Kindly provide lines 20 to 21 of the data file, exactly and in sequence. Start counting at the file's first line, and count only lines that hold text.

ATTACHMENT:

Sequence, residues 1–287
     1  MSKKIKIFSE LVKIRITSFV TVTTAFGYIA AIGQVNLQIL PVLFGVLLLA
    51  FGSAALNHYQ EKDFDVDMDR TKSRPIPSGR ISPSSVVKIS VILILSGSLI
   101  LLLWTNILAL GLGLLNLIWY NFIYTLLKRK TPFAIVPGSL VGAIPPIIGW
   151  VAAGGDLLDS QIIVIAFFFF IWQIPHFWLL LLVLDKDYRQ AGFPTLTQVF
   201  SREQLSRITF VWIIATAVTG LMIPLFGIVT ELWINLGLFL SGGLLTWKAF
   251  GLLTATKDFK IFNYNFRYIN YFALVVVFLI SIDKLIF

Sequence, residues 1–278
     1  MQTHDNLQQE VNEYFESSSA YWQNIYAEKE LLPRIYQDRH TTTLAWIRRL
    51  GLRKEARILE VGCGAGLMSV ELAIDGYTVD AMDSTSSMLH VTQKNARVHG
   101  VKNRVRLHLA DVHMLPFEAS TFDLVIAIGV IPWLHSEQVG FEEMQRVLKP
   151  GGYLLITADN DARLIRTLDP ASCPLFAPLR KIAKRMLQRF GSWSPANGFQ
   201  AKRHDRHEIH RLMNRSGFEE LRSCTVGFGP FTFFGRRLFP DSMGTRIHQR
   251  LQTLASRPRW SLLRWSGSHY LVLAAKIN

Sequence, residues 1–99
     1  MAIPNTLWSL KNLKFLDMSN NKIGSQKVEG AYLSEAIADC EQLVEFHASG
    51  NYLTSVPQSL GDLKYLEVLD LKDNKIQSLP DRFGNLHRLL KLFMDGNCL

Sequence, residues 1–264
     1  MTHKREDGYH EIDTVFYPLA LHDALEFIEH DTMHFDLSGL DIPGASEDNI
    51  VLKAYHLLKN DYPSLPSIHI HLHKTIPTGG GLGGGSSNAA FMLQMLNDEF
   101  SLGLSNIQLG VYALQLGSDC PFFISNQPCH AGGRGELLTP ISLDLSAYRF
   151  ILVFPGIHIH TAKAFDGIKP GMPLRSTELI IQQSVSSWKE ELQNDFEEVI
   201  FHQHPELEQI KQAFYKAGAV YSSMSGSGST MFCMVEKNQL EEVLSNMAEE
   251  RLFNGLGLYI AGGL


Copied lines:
    51  VLKAYHLLKN DYPSLPSIHI HLHKTIPTGG GLGGGSSNAA FMLQMLNDEF
   101  SLGLSNIQLG VYALQLGSDC PFFISNQPCH AGGRGELLTP ISLDLSAYRF